I’m happy to report race day did live up to expectations.   With an average of four horses in each race (and odds of four to one for every horse…) it made betting pretty simple, and gave us time to focus on the important things: people watching.  Families came from all over the island with picnic gear in hand. Pikininis darted between picnic mats, people and horses while mamas unpacked a never-ending supply of food (most of which was lap lap).  We went for the easy option, sharking the food stalls and placing a bet on the final race.

 

 

The trusty form guide: race 1, 2, 3, 4, 6, 7, 8, 5.  Um, anyone see a problem….

Thanks to a mis-print in the form guide and my trusty name selection method we backed a winner (Mystic? No. Onyx.  Ooh, I like that.  Technical, huh?).  With a princely sum of 1600VT or $16 Australian in our pockets we headed home for a gin by the bay.  All in all it was pretty a spectacular way to end what was “the day of the year”.

Lost in translation

Learning bislama has been an interesting experience: it excites and stupifies in equal amounts.  While initially I thought I had this pidgin language (English and French) in the bag, I’m beginning to realise that I am very far from holding a basic conversation without embarassing  and/or disgracing myself.

The thing I love and hate about bislama is its sheer functionality.  What is the word for piano you ask?  Try this:

a black fala box we igat black teeth, hemi gat white teeth you faetem hard I singout…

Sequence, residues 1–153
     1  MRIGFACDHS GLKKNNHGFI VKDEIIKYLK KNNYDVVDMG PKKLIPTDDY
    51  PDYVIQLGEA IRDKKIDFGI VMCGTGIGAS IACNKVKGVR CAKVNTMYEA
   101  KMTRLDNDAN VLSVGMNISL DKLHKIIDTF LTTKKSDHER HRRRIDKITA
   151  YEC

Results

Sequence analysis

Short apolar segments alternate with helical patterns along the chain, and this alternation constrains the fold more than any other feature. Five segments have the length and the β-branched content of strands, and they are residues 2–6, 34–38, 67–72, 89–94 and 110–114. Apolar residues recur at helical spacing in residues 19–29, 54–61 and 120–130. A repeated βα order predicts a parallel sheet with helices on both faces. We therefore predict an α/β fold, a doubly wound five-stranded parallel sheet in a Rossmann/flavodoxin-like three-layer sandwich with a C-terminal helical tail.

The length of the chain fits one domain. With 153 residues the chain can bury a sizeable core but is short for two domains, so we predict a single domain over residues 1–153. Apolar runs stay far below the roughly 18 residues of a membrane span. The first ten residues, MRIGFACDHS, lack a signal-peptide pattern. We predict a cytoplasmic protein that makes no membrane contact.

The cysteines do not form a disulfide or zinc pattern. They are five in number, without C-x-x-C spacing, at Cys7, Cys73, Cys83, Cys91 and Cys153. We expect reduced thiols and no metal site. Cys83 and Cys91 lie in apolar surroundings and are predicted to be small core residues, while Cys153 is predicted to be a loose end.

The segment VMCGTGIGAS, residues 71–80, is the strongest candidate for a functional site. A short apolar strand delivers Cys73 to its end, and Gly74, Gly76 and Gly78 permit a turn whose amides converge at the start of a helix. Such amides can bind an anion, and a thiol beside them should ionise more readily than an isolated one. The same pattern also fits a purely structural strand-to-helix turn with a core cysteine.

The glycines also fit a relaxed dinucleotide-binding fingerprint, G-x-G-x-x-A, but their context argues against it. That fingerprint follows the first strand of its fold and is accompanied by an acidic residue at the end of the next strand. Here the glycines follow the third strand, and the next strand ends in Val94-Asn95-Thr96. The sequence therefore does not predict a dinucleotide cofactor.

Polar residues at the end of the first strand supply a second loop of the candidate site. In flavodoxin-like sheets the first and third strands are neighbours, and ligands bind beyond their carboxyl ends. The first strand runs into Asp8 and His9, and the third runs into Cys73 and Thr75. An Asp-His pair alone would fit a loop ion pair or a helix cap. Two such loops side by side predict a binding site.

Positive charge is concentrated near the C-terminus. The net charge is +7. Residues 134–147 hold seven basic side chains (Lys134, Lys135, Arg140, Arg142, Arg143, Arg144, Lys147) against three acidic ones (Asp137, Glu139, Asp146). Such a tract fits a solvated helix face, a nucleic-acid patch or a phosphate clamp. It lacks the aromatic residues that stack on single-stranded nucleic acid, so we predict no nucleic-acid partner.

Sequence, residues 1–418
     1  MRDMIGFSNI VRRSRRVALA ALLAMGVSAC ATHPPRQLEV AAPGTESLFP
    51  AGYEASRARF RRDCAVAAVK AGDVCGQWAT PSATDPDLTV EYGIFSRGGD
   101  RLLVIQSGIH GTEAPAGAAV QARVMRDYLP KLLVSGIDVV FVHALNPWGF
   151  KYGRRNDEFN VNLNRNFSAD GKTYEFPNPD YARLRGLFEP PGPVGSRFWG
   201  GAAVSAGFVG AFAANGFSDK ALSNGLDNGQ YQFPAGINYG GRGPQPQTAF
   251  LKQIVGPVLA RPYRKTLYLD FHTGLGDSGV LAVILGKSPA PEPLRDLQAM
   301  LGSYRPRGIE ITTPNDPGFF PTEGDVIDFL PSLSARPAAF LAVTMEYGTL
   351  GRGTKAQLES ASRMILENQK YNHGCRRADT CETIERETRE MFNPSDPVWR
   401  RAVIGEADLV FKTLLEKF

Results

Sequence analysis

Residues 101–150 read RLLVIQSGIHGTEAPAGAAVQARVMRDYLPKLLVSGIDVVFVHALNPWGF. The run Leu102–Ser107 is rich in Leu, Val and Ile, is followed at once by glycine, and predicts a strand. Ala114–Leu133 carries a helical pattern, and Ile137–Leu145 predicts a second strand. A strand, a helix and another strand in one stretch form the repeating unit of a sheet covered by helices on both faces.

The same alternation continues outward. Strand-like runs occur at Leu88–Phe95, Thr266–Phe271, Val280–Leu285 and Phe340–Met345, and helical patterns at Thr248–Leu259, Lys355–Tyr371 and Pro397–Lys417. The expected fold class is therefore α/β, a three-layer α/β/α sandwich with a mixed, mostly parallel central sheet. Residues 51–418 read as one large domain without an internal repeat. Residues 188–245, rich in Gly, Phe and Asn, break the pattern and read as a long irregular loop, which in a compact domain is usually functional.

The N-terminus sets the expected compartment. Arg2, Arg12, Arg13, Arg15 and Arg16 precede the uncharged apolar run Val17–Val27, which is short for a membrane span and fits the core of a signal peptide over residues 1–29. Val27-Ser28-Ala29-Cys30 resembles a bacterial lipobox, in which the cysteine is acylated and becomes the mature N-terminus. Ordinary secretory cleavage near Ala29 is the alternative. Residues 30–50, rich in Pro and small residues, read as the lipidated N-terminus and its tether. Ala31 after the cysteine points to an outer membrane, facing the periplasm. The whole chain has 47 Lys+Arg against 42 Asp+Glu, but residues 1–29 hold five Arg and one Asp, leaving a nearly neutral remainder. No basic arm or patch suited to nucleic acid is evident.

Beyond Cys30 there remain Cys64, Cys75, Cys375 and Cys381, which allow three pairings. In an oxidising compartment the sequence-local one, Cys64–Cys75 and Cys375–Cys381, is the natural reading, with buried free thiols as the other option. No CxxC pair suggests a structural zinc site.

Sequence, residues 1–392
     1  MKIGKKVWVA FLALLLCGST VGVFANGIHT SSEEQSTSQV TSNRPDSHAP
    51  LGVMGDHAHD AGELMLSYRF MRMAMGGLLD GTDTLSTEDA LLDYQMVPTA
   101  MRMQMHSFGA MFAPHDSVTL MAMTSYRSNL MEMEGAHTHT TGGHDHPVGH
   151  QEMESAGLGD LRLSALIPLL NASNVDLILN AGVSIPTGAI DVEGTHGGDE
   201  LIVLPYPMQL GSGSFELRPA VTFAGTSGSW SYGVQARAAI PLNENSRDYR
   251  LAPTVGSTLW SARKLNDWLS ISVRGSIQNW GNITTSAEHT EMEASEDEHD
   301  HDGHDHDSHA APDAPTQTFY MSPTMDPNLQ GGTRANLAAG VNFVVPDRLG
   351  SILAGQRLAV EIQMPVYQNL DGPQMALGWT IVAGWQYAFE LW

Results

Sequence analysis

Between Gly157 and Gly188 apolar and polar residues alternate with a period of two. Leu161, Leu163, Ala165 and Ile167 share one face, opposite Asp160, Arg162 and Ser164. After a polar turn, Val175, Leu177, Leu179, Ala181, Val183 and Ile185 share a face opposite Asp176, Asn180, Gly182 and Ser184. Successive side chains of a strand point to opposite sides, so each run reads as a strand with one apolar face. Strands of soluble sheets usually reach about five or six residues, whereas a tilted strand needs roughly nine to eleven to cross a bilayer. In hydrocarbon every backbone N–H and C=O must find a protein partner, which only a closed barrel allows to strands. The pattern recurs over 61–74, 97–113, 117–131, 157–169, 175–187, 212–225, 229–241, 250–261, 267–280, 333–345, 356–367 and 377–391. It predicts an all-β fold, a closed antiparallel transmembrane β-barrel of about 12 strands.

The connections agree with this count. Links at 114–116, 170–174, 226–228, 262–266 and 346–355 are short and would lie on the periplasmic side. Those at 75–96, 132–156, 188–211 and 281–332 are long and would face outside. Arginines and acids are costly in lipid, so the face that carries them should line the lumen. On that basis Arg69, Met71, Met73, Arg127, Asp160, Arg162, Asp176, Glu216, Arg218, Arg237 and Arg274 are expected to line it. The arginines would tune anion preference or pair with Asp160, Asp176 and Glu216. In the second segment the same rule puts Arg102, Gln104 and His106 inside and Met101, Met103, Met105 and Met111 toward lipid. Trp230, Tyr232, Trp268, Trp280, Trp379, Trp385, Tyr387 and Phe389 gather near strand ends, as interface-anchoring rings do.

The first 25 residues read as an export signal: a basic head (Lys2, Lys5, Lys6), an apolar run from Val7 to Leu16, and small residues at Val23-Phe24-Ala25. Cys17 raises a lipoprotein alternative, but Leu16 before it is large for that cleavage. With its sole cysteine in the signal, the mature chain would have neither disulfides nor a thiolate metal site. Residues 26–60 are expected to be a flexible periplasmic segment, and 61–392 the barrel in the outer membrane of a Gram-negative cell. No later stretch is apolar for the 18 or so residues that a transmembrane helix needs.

Lyrical isn’t it?  The thing is there’s a whole new complexity when you have limited nouns, even fewer adjectives and virtually no tenses.  It means you really have to read people – something that can be really hard when you are from a different culture.

The other day we were travelling into town in one of the work cars.  I insisted on sitting in the back so that one of the boys could sit in the front (common rule in Australia: long legs equals front seat priority).  He looked blankly at me, said “I stret” then took the seat.  Later, a French friend said that I had to sit in the front seat on the way home.  He said I’d made the guy uncomfortable by sitting in the back.  You see people in Vanuatu hate conflict.  While “I stret” means it’s good or it’s fine and he had a blank look on his face, he didn’t give me an enthusiastic response.  That was my sign that he was in fact, very uncomfortable.

So, I guess all in all I am still a very long way from understanding both the language and the silent politics of this place.  But I’m trying.  Of all the lessons to date, I have learned a few that are helping alot:

1. When in doubt, just add blong.  It may sound silly, but in bislama it makes a world of sense.

2. Try. Then try again.  The more you try speaking bislama, the more people appreciate it.  They also normally pretend that what you said made perfect sense in bislama (although they were paying particular attention to your hand gestures at the time…)

3. When your husband refers to you as “woman blong mi” he isn’t being a jackass. That’s the official term.

4. Feel like you want to emphasise just how strongly you feel about something?  Just add “full speed no brakes”, yup, “mi likem full speed no brakes”…

5. Tone is infinitely important here.  Like this little pearler (below).  In Australia this would be a derogatory term, but in Vanuatu this is what it is.  A bikini top is quite simply a basket blong titi.  It’s hard to argue with really…